A spokesman for Branstad said in an email that the governor will review the bill.

The bill has been criticized by gun control advocates, who say it could increase gun violence.

“We have had very good gun laws,” the Reverend Cheryl Thomas of Iowans for Gun Safety said by telephone. “With the passage of this law, we are going to lose that status.”

Iowans for Gun Safety wants Branstad to veto the measure.

Previous attempts to change the state’s gun regulations have been blocked by Democrats, who held a majority in the Senate until November.

Following the election, Republican lawmakers control the Senate, House and governor’s office for the first time in nearly two decades.

Republicans have used their majority to push through a number of bills during this legislative session, including drastic changes to the state’s collective bargaining laws.

(Reporting by Timothy Mclaughlin in Chicago; Editing by Bill Trott and Muralikumar Anantharaman)

Florida legislature poised to bolster ‘Stand Your Ground’ law

FILE PHOTO: A truck with a sticker indicating the number of weapons and hand guns is pictured in Port Saint Lucie, Florida, U.S. June 14, 2016. REUTERS/Carlo Allegri

By Letitia Stein and Bernie Woodall

(Reuters) – Florida lawmakers advanced a measure on Wednesday that could make it easier to avoid prosecution in deadly shootings and other use-of-force cases by seeking immunity on self-defense grounds under the state’s pioneering “stand your ground” law.

In a 74-39 vote, the state’s House of Representatives passed legislation that shifts the burden of proof from defendants to prosecutors when the law is invoked to avoid trial.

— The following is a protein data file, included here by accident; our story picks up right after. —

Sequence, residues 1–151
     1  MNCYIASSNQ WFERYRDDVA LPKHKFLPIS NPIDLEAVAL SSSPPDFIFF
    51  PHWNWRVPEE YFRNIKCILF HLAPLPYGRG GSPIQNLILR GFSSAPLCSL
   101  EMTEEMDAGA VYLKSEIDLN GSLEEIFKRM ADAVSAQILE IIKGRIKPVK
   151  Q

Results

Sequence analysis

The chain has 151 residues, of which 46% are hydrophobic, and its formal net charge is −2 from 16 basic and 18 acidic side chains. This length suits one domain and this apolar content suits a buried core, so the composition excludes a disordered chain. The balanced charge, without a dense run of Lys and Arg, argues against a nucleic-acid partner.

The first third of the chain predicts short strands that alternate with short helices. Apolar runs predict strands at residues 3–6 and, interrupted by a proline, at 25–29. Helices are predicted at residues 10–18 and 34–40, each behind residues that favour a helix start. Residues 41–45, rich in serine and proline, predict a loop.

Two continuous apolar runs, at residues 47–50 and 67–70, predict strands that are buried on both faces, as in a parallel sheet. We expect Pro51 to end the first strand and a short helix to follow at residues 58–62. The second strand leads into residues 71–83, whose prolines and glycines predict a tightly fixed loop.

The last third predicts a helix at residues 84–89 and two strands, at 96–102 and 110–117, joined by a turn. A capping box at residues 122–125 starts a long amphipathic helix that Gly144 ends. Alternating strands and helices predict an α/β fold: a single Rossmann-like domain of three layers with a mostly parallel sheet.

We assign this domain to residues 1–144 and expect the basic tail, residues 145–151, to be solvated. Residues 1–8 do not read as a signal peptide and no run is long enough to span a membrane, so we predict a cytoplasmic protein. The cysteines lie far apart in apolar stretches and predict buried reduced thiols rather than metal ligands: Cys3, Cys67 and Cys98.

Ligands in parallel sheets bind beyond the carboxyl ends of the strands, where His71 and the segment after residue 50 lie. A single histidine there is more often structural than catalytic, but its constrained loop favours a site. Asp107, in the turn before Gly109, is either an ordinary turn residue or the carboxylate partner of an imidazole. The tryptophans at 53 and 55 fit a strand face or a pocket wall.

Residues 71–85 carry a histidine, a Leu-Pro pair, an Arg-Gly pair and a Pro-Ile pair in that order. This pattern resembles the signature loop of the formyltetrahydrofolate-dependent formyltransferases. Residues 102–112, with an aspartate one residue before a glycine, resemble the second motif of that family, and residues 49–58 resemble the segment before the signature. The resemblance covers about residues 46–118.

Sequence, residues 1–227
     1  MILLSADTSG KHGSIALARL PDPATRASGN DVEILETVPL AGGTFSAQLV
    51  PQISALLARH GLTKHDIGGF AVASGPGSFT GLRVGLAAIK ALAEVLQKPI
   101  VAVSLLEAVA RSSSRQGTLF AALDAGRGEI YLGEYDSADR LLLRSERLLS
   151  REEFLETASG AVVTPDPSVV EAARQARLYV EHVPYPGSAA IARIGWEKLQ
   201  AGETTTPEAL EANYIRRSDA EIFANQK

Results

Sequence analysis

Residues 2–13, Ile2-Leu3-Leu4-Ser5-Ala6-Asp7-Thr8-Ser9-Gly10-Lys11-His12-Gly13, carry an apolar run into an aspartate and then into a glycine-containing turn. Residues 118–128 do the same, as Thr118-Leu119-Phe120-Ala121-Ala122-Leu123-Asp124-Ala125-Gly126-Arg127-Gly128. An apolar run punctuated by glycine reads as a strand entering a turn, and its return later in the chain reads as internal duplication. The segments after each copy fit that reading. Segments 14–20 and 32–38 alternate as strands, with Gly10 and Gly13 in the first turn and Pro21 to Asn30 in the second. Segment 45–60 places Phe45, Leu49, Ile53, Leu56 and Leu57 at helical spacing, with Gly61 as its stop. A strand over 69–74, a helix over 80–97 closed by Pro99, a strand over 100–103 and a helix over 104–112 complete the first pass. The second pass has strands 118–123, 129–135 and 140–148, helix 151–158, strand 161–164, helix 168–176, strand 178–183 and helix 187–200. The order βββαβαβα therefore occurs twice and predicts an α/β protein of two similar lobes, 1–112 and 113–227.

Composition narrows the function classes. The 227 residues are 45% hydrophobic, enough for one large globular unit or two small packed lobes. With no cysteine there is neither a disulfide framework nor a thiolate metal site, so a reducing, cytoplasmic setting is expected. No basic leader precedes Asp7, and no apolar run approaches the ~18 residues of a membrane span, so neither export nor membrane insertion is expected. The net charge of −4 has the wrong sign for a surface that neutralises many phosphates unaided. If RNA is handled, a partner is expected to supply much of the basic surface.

The measure now returns to the state Senate, which last month approved its own version of the bill. Both chambers are controlled by Republicans.

Florida’s “stand your ground” law, passed in 2005, received wide scrutiny and inspired similar laws in other states. It removed the legal responsibility to retreat from a dangerous situation and allowed use deadly force when a person felt greatly threatened.

Opponents say the measures will embolden gun owners to shoot first, citing the 2012 death of unarmed black teenager Trayvon Martin in Florida, which spurred national protests and the Black Lives Matter movement. The neighborhood watchman who killed him, George Zimmerman, was acquitted of murder after the law was included in jury instructions.

Wednesday’s House vote on changing the law followed party lines.

Supporters, including the National Rifle Association, the powerful U.S. gun lobby, see the legislation as bolstering a civilian’s right to quell an apparent threat.

“This bill is trying to put the burden of proof where it belongs, on the state, because all people are innocent before being proven guilty,” said the Republican sponsor of the bill, Representative Bobby Payne.

Florida’s law did not specify the process for applying “stand your ground” immunity. State courts established the current protocol, which calls for a pre-trial hearing before a judge and puts the burden of proof on the defendant.

Most of those speaking in the House debate were Democrats who said the bill would lead to more violence.